Isles of Scilly Complex
When undertaking an appropriate assessment of impacts at a site, all features of European importance (both primary and non-primary) need to be considered.
Annex I habitats that are a primary reason for selection of this site
|1110 Sandbanks which are slightly covered by sea water all the time|
|The Scilly archipelago, off the south-west tip of England, encompasses extensive sublittoral sandy sediments, which, between the islands, are contiguous with the intertidal sandflats. They are important in the UK for the extent and diversity of their associated communities. In particular, their isolation and the presence of oceanic water contribute to the special nature of the site, which is characterised by shallow sandy sediments with low silt content and by the fully marine salinity. There are rich communities present on the tide-swept sandbanks in the narrow channels between the islands and in the deeper, more stable, wave-sheltered sediments. The fauna of these sediments includes tanaid crustaceans, a diversity of polychaete worms, and various echinoderms. The shallow sublittoral sediments are colonised by the most extensive and best-developed eelgrass Zostera marina beds in southern England (Hocking & Tompsett 2001). These beds have a rich associated flora and fauna of algae, hydroids, sea anemones, molluscs and fish. Fauna with warm-water affinities include the trumpet anemone Anthopleura ballii.|
|1140 Mudflats and sandflats not covered by seawater at low tide|
|The Isles of Scilly archipelago supports extensive areas of undisturbed intertidal sandflats in the extreme south-west of the UK. The islands are particularly important for exceptionally rich communities occurring in coarse sediments, including clean sand, a substrate that is usually poor in species. Although sheltered, the sediments include little mud because the surrounding seas have a low suspended sediment concentration, resulting from the islands’ isolation and the presence of oceanic water. The sandflats exposed at low tide between the northern islands are of international marine nature conservation importance, owing to their extent and diversity and the presence of species rarely found elsewhere in the intertidal. The lower shore sandflats are particularly notable, for they include the fringes of the most extensive and diverse beds of eelgrass Zostera marina known in southern England (Hocking & Tompsett 2001), with an unusually species-rich associated biota, including various seaweeds and fish and rich sediment communities of anemones, polychaete worms, bivalve molluscs and burrowing echinoderms. These include many species restricted to the sublittoral elsewhere in the UK. Many southern species are present, often in large numbers, including some, such as the hermit crab Cestopagurus timidus and the spiny cockle Acanthocardia aculeata, that are recorded only rarely in the UK.|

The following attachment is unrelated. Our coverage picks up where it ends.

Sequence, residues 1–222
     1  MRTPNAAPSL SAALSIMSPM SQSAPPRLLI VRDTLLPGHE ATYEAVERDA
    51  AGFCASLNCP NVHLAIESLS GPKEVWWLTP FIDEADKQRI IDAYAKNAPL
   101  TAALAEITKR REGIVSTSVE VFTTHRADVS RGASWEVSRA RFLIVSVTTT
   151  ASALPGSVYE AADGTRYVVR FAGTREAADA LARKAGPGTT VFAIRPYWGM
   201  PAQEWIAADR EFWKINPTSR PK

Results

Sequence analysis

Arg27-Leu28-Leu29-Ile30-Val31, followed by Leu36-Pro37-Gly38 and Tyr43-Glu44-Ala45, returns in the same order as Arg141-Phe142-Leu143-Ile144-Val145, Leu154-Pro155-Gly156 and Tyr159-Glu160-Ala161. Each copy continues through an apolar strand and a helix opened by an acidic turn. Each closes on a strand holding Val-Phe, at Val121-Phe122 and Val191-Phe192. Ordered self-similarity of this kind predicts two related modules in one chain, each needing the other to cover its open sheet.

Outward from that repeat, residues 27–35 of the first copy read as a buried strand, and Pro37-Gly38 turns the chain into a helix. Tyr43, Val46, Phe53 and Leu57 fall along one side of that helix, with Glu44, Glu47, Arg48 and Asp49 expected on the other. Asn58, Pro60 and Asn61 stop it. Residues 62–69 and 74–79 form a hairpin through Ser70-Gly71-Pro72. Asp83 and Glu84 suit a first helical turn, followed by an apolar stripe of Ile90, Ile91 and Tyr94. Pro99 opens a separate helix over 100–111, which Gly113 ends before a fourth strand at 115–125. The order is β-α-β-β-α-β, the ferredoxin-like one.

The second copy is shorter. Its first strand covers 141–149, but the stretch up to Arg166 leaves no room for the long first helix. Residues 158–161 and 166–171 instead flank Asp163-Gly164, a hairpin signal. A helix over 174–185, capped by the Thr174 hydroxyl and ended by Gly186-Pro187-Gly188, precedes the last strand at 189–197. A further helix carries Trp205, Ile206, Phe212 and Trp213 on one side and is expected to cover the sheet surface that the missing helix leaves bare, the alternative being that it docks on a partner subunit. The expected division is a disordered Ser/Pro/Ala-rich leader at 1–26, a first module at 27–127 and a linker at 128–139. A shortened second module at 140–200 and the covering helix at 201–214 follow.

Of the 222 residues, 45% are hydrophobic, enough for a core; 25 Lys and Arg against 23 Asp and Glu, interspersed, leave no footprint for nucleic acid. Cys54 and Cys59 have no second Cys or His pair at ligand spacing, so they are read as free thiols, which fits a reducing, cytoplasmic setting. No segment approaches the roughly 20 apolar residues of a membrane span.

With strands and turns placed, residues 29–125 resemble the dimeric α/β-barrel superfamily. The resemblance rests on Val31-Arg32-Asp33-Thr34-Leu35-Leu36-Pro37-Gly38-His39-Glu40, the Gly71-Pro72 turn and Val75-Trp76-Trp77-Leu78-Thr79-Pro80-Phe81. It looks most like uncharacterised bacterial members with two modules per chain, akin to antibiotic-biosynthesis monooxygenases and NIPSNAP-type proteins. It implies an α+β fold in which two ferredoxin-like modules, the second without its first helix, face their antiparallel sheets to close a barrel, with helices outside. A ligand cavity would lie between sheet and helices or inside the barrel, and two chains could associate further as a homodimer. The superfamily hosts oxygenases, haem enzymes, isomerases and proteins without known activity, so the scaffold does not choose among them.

|The Isles of Scilly are surrounded by reefs and rocky islets, some only extending into the shallow sublittoral, others extending well beyond 50 m depth. The location of the islands, exposed to the full force of the Atlantic, leads to the development of extremely exposed communities on west-facing reefs, whilst on the east-facing coast, more sheltered and silted reefs occur. The south-westerly position of the islands leads to a range of warm-water species being present, including sunset cup-coral Leptopsammia pruvoti, pink sea-fans Eunicella verrucosa, and Weymouth carpet-coral Hoplangia durotrix.|
Annex I habitats present as a qualifying feature, but not a primary reason for selection of this site
Annex II species that are a primary reason for selection of this site
|1441 Shore dock Rumex rupestris|
|There are historical records of shore dock Rumex rupestris from seven of the larger islands, as well as from several small rocky outcrops and the eastern isles. Recent surveys suggest that it may now be restricted to just four islands (Tresco, Annet, Samson, Tean). Despite recent losses (and possibly earlier over-estimates of its abundance), the Isles of Scilly remain an important stronghold of the species at the south-western limit of its UK range. It is thought likely that the species is in long-term decline here, probably due to sea-level rise, increased storminess and ‘coastal squeeze’. Recent population data are lacking for some colonies, but it is thought that the total population, estimated in 1994 to be 165 plants, may now be rather less than this, perhaps fewer than 100 plants.|
Annex II species present as a qualifying feature, but not a primary reason for site selection
|1364 Grey seal Halichoerus grypus|
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